When I announced my book presenting the gospel for kids, I said we need to do a better job introducing them to our faith. I said the prevailing method of passing down our faith — getting kids to make some kind of decision before they’re old enough to question or doubt — isn’t right and it isn’t working.
I’m writing this book to give parents (including myself) another way of taking about faith with our kids. A way of telling the story of our faith, instead of just issuing them a checklist of beliefs. A way of honoring our kids’ natural curiosity, instead of (to paraphrase Rachel Held Evans) giving them answers before they’ve even had time to wrestle with the questions.
I wish I could say this alternative way is guaranteed to work. That I could promise your kids will grow up to be lifelong, committed Christians.
But I can’t. There are no guarantees. There are no perfect ways of doing this. Our kids have wills and minds of their own. They’re not ours to control. We can either choose to accept this while they’re young, or we can be forced to accept it when they’re older, when any illusions of control have long since evaporated.
Trischa Goodwin wrote a beautifully honest piece expressing the doubt that lurks in the heart of every parent who’s trying to do right by their kids…
What if… I’m just screwing my kids up in a different way than the way I was screwed up?
What if embracing their questions and not forcing them to accept my answers leaves them wishy-washy and completely unsure of anything?
What if not insisting they attend church with me every Sunday leaves them without a love for the Body of Christ?
What if allowing for discussion and not expecting immediate, unquestioning obedience undermines their respect for authority?
What if teaching them to respect other religions leads them away from Christianity?
What if I’m doing it all wrong?
My wife and I have asked these same questions. Sometimes it feels like it’s not a matter of whether we’ll screw our kids up, but how we’ll screw them up. And how hard they’ll have to work at disentangling the mess we’ve made of their lives.
I think each generation tries to parent a little differently than the one before. We hold on to things from our upbringing that were good, and we leave behind (or try to, anyway) those that weren’t. That’s why, thankfully, corporal punishment was an almost nonexistent part of my childhood. (And why it won’t have any part of my daughter’s upbringing.)
The truth is, there are no true “parenting experts” out there. We’re all just trying to figure things out as we go. The “what if” questions that Trischa asked are important, because they reflect an awareness that we can’t make our kids turn out a certain way. We can’t write the ending for them.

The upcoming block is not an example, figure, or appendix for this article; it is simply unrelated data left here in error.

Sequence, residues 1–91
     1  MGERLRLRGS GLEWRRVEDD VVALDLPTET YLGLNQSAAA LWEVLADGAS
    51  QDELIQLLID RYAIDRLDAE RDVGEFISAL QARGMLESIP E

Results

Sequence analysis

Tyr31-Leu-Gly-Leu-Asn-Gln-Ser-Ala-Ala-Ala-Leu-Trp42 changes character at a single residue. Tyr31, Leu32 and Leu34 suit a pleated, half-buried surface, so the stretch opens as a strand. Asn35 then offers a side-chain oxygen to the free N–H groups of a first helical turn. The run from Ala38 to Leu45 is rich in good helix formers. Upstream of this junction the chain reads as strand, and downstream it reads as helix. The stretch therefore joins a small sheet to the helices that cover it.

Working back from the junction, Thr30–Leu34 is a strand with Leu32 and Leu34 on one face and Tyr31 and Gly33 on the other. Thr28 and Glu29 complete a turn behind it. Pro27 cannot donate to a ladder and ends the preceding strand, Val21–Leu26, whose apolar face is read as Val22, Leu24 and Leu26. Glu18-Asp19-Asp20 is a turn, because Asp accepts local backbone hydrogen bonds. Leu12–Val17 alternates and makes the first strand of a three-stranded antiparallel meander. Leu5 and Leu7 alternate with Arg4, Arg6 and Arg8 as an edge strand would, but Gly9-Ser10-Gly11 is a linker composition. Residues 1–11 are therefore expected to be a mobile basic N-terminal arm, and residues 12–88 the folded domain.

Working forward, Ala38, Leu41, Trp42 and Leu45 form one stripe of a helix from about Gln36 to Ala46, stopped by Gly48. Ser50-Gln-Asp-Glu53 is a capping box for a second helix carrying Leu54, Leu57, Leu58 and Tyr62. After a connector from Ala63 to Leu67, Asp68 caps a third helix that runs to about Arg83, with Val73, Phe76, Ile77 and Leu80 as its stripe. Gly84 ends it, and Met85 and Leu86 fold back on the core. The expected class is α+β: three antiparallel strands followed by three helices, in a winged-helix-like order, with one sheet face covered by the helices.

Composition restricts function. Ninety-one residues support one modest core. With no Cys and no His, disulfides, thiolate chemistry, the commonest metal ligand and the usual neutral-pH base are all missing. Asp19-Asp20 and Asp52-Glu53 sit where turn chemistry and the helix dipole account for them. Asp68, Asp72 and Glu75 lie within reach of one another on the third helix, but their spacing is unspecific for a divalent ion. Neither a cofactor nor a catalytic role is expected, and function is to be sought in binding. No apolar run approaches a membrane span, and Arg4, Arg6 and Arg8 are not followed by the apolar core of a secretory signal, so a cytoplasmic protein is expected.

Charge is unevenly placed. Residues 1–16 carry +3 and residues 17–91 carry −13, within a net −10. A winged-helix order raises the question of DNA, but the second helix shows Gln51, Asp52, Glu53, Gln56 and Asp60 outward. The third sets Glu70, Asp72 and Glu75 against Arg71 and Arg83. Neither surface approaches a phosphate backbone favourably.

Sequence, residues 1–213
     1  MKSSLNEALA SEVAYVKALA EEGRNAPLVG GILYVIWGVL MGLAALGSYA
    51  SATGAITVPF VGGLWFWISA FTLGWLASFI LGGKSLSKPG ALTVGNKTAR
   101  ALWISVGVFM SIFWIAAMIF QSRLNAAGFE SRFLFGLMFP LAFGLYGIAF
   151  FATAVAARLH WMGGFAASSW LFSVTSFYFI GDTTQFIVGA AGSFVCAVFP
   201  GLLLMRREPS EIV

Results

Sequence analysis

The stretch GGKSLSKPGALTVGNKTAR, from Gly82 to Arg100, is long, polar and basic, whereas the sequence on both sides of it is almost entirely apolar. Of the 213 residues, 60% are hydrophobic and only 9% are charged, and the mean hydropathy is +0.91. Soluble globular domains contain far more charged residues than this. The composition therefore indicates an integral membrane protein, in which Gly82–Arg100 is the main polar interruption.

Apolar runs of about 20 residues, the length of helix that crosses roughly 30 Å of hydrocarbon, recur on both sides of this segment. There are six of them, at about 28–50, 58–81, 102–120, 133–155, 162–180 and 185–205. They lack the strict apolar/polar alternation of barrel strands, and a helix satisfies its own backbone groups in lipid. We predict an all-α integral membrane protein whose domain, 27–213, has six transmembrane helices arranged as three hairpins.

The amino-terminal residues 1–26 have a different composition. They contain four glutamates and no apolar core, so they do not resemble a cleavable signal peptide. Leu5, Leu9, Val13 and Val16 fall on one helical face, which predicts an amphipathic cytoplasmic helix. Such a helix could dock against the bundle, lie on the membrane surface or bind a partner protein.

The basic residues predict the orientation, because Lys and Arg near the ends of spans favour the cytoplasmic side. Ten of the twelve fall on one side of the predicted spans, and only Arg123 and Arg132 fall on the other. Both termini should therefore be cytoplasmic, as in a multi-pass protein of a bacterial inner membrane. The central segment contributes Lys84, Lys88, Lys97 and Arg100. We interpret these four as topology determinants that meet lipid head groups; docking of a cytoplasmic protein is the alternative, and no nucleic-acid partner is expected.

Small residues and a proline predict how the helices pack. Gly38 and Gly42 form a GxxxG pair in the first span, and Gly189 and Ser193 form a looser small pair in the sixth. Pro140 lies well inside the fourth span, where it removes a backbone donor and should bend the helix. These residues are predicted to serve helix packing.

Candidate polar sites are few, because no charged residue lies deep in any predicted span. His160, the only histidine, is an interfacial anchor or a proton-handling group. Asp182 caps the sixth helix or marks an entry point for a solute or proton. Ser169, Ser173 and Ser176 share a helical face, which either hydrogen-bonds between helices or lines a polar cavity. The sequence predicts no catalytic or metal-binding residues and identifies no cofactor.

As Trischa suggests near the end of her post, maybe the best a parent can do is:
Keep raising them in the most loving way I know how and continue to confess Christ and Incarnation and Resurrection and all the other mysteries in my daily life.
I think she’s onto something powerful. I would add just one thing: we also need to be willing to tell our kids we’re sorry when we do screw up.
A few weeks ago, my three-year-old threw a tantrum over something I had asked her to do (or stop doing). So I gave her a choice: start listening or sit on the step for a few minutes.
She declined both options and chose instead to escalate said tantrum. Which caused me to lose my patience as well.
I hate shouting, even brief outbursts, whether I’m on the giving or receiving end. So the minute I lost my cool, I regretted it. What most likely started as a three-year-old’s simple frustration at the difficulty of expressing herself, I had now blown out of proportion.
So I got down to Elizabeth’s eye level and told her I was sorry. I asked her to forgive me for losing my cool and raising my voice. I suggested maybe we both ought to sit on the step for a bit. I tried to show her that I was not “above the law,” so to speak.
The funny thing is, what was meant to be a time-out (now for both of us) turned into one of those cherished moments of conversation with my daughter.
It may seem trivial, but I tell my daughter I’m sorry because I want her to know that it’s safe to come to me when I’ve let her down. I want her to know she doesn’t have to fear the counterattack, that I’m not going to come roaring back at her with a laundry list of grievances which I’ve been storing up for just such an occasion. I want her to know she can tell me when I’ve screwed up.
Because I will screw up. I may try hard not to make the mistakes of others, but I’ll end up making mistakes of my own. Whether it’s in how I try to nurture my daughter’s faith or in some of the more mundane, everyday aspects of parenting, I will screw up.
I believe one of the most important things I can do for my daughter is being OK with that — and letting her know it’s OK to tell me when I’ve failed.